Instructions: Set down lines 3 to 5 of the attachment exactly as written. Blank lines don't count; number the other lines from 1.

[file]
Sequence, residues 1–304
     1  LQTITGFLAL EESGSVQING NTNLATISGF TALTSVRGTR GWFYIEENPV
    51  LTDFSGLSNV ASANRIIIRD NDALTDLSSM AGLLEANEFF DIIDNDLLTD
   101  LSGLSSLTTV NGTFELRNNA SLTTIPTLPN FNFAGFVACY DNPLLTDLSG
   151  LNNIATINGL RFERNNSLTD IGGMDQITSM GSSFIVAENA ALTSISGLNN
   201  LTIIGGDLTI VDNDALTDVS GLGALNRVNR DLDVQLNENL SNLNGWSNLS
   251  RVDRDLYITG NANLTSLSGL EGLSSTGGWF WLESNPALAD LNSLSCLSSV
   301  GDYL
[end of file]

    51  LTDFSGLSNV ASANRIIIRD NDALTDLSSM AGLLEANEFF DIIDNDLLTD
   101  LSGLSSLTTV NGTFELRNNA SLTTIPTLPN FNFAGFVACY DNPLLTDLSG
   151  LNNIATINGL RFERNNSLTD IGGMDQITSM GSSFIVAENA ALTSISGLNN